Cornflower (Centaurea cyanus)
Natural Standard Bottom Line Monograph, Copyright © 2013 (www.naturalstandard.com). Commercial distribution prohibited. This monograph is intended for informational purposes only, and should not be interpreted as specific medical advice. You should consult with a qualified healthcare provider before making decisions about therapies and/or health conditions.
While some complementary and alternative techniques have been studied scientifically, high-quality data regarding safety, effectiveness, and mechanism of action are limited or controversial for most therapies. Whenever possible, it is recommended that practitioners be licensed by a recognized professional organization that adheres to clearly published standards. In addition, before starting a new technique or engaging a practitioner, it is recommended that patients speak with their primary healthcare provider(s). Potential benefits, risks (including financial costs), and alternatives should be carefully considered. The below monograph is designed to provide historical background and an overview of clinically-oriented research, and neither advocates for or against the use of a particular therapy.
Asteraceae (Family), bachelor's button, basket flower, bluebottle, bluebow, blue cap, blue cornflower, bluet (French), boutonniere flower, Centaurea cyanus, Centaurea montana, Centaurea scabopsa L., eau de Casselunettes (French), hurt sickle, hurtsickle, protocyanin, scaly cornflower.
Cornflower (Centaurea cyanus) is native to Europe, where it is considered a weed in fields. However, it is also used as an ornamental flower because of its intense blue flowers, and has become naturalized in North America and Australia. Blue cornflower has been used to flavor teas and to reduce ocular inflammation. Some preliminary studies indicate that cornflower may have anti-inflammatory properties, and blue cornflower did reduce the recurrence of urinary tract stones in one clinical trial. However, high-quality clinical studies need to be conducted before blue cornflower can be recommended for any use.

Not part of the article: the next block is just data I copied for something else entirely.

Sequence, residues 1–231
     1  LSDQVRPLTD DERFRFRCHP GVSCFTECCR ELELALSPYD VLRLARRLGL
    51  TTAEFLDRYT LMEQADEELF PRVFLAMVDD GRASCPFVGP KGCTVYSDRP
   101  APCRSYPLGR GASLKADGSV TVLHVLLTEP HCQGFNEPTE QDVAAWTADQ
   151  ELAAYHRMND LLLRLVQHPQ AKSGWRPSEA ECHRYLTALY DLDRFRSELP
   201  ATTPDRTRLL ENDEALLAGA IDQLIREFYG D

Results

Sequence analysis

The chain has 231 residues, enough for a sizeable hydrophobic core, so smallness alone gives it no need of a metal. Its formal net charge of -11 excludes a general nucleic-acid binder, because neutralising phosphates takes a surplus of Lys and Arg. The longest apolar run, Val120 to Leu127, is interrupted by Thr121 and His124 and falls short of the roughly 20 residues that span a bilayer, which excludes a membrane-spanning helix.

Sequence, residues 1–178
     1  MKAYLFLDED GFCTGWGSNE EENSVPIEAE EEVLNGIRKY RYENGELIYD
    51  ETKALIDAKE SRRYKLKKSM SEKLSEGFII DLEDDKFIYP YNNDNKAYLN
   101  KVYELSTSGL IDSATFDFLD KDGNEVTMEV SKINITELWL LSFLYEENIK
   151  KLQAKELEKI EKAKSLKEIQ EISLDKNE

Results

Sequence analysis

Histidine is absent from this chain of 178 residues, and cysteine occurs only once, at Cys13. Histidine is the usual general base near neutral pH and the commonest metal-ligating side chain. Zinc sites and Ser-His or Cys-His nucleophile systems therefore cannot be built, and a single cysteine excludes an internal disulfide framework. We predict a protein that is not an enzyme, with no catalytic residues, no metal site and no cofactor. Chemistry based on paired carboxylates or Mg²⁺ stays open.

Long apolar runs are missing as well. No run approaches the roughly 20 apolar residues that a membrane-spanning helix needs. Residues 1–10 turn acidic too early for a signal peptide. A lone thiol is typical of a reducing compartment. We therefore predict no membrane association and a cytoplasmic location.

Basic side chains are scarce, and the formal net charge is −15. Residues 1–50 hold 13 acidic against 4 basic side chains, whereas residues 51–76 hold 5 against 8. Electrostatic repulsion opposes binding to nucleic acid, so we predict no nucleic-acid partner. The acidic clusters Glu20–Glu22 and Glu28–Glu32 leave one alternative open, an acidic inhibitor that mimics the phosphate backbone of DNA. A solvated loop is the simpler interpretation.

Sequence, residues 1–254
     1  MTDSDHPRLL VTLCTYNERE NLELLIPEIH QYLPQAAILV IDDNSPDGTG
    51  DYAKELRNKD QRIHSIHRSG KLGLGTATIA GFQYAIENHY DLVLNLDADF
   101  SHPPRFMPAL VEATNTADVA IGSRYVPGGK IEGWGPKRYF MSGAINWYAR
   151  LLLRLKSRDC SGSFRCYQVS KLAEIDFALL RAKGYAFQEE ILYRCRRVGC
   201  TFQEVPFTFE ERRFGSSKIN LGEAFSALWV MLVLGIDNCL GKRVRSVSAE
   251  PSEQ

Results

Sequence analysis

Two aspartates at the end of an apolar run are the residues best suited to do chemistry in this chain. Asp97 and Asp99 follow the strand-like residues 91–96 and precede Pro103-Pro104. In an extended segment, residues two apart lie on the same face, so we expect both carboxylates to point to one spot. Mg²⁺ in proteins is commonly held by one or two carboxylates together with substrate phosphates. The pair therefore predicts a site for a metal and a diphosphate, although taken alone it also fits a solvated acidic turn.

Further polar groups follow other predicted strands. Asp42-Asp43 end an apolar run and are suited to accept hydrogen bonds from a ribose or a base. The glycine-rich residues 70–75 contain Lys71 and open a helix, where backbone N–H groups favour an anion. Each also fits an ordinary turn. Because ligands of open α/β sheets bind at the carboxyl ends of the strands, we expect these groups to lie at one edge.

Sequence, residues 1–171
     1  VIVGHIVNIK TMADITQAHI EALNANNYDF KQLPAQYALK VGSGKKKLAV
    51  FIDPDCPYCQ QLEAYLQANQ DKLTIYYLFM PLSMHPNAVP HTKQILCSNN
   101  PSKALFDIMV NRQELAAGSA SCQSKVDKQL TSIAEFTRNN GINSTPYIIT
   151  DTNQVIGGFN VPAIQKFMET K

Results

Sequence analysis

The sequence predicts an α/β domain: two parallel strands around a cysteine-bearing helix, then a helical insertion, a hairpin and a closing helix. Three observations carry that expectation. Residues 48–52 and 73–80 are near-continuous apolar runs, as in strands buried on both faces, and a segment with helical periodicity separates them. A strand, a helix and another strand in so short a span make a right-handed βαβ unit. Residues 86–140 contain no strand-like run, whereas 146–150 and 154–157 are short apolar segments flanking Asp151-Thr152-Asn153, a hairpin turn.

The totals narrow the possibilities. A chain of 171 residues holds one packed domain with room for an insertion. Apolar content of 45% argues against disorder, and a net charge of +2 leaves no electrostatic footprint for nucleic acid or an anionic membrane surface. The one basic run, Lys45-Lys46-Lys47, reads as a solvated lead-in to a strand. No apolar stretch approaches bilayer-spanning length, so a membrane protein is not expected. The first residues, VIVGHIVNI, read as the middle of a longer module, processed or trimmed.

In European phytotherapy, Centaurea cyanus flower heads are used to treat minor ocular (eye) inflammations.
These uses have been tested in humans or animals. Safety and effectiveness have not always been proven. Some of these conditions are potentially serious, and should be evaluated by a qualified healthcare provider.
Urolithiasis (urinary tract stones)
Cornflower flowers may be helpful in preventing the recurrence of urinary tract stones. However, more studies are needed in this area to confirm these results.
*Key to grades:A: Strong scientific evidence for this use; B: Good scientific evidence for this use; C: Unclear scientific evidence for this use; D: Fair scientific evidence against this use (it may not work); F: Strong scientific evidence against this use (it likely does not work).
The below uses are based on tradition or scientific theories. They often have not been thoroughly tested in humans, and safety and effectiveness have not always been proven. Some of these conditions are potentially serious and should be evaluated by a qualified health care professional.
Anti-inflammatory, emmenagogue (promotes menstruation), eye disorders (inflammation), food uses, stimulant, tonic.
The below doses are based on scientific research, publications, traditional use, or expert opinion. Many herbs and supplements have not been thoroughly tested, and safety and effectiveness may not be proven. Brands may be made differently, with variable ingredients, even within the same brand. The below doses may not apply to all products. You should read product labels, and discuss doses with a qualified healthcare provider before starting therapy.
Adults (18 years and older):
There is no safe or proven effective dose for cornflower.
Children (younger than 18 years):
There is no safe or proven effective dose for cornflower in children.